Fay Tincher Cut Out Paper Doll

 

Fay Tincher 1919

“I make every stitch I wear in the pictures, but nowadays I’m too busy to undertake my street clothes and lingerie, tho I just love to sew.”Fay Tincher

 

“True comedy has to be spontaneous. It’s just in the situation itself – in the meaning of the situation. For example, there’s nothing funny about getting hit in the face with a pie, if there’s no reason for it. No, it’s the innocent person getting in wrong somewhere thru some blunder he isn’t conscious of, but which the audience knows all about, that makes a thing funny. And when the situation is right, the more natural and simple – even the more in earnest the actor is – why, the better he is – makes it all the funnier; don’t you see? All that’s necessary is for him to do the most natural thing under the circumstances. He doesn’t have to make a fool of himself to be funny.”Fay Tincher

 

Fay Tincher

“I often plan my own situations and the more I study them the more I see that comedy on the screen will have to be taken seriously and raised to a much higher level than it has been so far, if it is to be permanent, and I’m glad of this chance to put myself on record as having said so.”Fay Tincher

 

“While I was at the World [Film Company] offices one day, they told me my big comedies would be shown on Broadway, at the Rivoli or Strand probably, and I thought I looked very pleased. However, they said to me, ‘Why aren’t you just tickled to death to think your comedies will have a showing on Broadway? What more could a girl expect?’ I said, ‘Of course I’m awfully glad, but after all it’s the fans in the little towns and hamlets thru this country who are going to spell success or failure for me. It won’t make much difference if Broadway likes me and the small towns don’t think my comedies unique and worth going miles to see. It’s the little old reprints which put dollars into one’s pockets.’ And that is what I want – I’d like to please people everywhere, regardless of size of town or prominence of the theater.”Fay Tincher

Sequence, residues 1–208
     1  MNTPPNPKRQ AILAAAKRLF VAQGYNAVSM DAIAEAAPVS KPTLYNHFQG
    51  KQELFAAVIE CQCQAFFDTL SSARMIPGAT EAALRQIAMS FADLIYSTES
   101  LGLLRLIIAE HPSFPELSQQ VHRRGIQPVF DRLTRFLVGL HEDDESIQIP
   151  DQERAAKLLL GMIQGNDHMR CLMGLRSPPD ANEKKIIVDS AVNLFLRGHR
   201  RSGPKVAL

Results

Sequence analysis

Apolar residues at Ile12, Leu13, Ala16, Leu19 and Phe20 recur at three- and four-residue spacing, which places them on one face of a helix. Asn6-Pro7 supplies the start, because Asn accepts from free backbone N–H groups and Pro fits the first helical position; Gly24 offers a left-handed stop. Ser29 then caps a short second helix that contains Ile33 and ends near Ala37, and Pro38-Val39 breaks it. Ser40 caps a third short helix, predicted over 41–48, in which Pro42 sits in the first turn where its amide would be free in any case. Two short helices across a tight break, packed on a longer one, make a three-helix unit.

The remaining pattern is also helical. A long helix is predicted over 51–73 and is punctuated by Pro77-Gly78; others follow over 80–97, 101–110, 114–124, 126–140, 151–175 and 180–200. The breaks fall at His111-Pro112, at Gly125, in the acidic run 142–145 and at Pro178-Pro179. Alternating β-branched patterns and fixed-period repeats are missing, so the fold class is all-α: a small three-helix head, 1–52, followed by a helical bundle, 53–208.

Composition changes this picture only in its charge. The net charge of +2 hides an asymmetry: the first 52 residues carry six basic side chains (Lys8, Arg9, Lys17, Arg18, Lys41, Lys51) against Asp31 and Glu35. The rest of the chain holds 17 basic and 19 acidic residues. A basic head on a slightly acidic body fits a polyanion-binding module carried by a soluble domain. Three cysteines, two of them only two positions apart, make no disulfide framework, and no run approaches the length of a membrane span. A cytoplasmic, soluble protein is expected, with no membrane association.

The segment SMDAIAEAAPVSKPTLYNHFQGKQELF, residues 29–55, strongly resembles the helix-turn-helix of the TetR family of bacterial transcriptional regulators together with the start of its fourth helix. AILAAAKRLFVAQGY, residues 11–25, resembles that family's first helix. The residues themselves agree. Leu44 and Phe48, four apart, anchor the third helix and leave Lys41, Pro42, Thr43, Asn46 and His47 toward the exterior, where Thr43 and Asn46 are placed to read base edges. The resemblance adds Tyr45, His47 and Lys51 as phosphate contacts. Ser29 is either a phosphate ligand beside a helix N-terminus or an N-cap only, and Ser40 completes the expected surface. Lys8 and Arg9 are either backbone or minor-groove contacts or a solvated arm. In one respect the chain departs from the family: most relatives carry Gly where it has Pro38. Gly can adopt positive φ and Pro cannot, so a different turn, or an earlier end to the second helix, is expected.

“I guess that’s it — greatness was thrust upon me, ahem! It must be in hiding, tho, for I’ve not discovered it yet. But this is my story of humble entrance into the movies. When I was in New York and people wanted to hear all about me, I said, ‘Now tell the truth about me, for I trust this isn’t to be my obituary. I don’t own a bungalow, I’ve never bought a car, I haven’t a poodle or K9 of any kind, and I didn’t run away from a rich home to become a screen idol. They all do that, don’t they? I mean run away from rich homes, at least so the press notices state. When I sift the matter down, however, it amounts to about the same thing in every case. ‘Tis the problem that drove me into the movies – I’ve got to eat!'”Fay Tincher

 

Fay Tincher

“Comedy-drama is growing in importance every day, and that is the thing I want so much to work into. I love it because it is so real and so human. People love it and need it – the real humor, I mean – clean, and sweet, and funny.”Fay Tincher